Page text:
Southwest Drought Impact Photos
LasVegas, NV, Lake Mead Area, and the Southwest
October 2002

(Link to Summary statistics, data)

Lake Mead
All Images © Ken Dewey, Applied Climate Sciences, School of Natural Resources, UNL
Lake Mead from about 10,000 feet above the surface. 
Note the white ring around the lake.
Lake Mead behind Hoover Dam.  The white ring is the 
rock area that is normally below water, but is now exposed. 
Click HERE or on the above photo to see a much larger version.
Looking south at Hoover Dam.  Note the spillway along 
the bottom of the photo and the white ring on the dam
wall.  Although the lake level is at its lowest in years, 
electrical production is unaffected. Click HERE or on 
the above photo to see a much larger version.
The structure in the distance is the water intake for the city 
of  Las Vegas, NV.  This structure had to be moved due to 
the dropping level of Lake Mead and is one of several 
drought related expenses. Click HERE or on the above 
photo to see a much larger version.
The marina has moved several times and parking lots 
built and extended out onto the exposed lake bed due to the dropping elevation of the lake.
Economic losses to the facility included the cost of moving 
the marina, regrading parking lots, moving sanitation 
facilities and lost revenue from decreased numbers of visitors.
The edge of the water in Lake Mead used to reach all the 
way up to within a few feet of the sing seen in the foreground. 
The shoreline has receded well into the distance.
This is looking down at the Colorado River about 20 miles downstream from Hoover Dam. Click HERE or on the 
above photo to see a much larger version.

Las Vegas, Nevada - October 2002
All Images © Ken Dewey, Applied Climate Sciences, School of Natural Resources, UNL

The Las Vegas "Strip", the casinos and hotels along Las Vegas Blvd., is barely visible through the smog hanging over the city.
Approximately 5,000 new residents arrive in Las Vegas WEEKLY which casts a dark cloud on future water availability in a city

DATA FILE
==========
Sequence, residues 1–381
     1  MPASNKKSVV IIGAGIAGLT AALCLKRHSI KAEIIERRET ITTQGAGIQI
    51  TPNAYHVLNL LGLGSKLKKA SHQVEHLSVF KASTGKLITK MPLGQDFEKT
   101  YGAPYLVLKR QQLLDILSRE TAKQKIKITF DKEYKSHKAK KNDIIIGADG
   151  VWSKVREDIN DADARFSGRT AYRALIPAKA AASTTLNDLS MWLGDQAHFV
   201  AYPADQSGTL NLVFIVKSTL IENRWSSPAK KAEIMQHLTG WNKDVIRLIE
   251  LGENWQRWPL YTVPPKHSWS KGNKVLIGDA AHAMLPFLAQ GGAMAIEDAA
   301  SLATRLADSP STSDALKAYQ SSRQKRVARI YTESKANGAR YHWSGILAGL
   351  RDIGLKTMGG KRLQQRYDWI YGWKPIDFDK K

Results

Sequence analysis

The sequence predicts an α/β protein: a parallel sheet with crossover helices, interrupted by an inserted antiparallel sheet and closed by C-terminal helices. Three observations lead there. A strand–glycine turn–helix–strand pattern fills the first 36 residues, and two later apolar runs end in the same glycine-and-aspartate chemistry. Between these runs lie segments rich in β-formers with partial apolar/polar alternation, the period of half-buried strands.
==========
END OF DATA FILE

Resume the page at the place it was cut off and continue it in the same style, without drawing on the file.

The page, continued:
that normally only receives 4 inches of rain per year.

Despite the serious drought and significant drop in water elevation at Lake Mead, ample water is found throughout Las Vegas.
There are several residential communities recently built around man made lakes in Las Vegas.
In a survey of golf course operators, it was found that 
they irrigate the courses daily.
The poor soil means little water retention, and shallow
turf root development, requiring frequent irrigation. 
Another example of ample water supply during a major drought is found along the Las Vegas Strip.  Here "dancing waters" spray 12 stories into the air in front of the Bellagio Hotel both night
and day.
And each hotel along the strip has swimming pools that are large users of water.  During the hot summer days with  low humidity, there is constant and large evaporation from these pools.
The relative humidity in the hills outside Las Vegas 
was measured at only 2 %.
This image was acquired from "" and shows 
3 ribbon-like man-made lakes in western Las Vegas, NV.
This golf course in far SW Las Vegas with its green fairways 
stands in stark contrast to the surrounding brown desert.
Ironically, despite Las Vegas being a desert, flash flooding 
is recurring hazard due to the lack of vegetation holding 
back runoff.  This sign was photographed in North
Las Vegas near a dry river bed. 
Two dust devils spin out on the desret floor just east of 
Boulder City, Nevada. 

October 2002, Colorado and the Southwest
All Images © Ken Dewey, Applied Climate Sciences, School of Natural Resources, UNL

Boulder, CO, in the foreground, on October 10, 2002 
with the Continental Divide in the distance.
Lake Powell, Arizona, as seen from the air.
October 15, 2002 mountain snow cover near Aspen, Colorado.
The spring snow cover left the area almost two months early.
October 10, 2002 mountain snow cover in southwest Colorado. 
The October 2002 mountain snowfall amounts were above 
average making a very small dent in the drought.
This is what remains of Barr Lake along I-76 northeast of 
Denver.  The wooden dock is stranded well away from the water.
The boat ramp leading into Barr Lake is also stranded quite a distance from the lake due to drought conditions.

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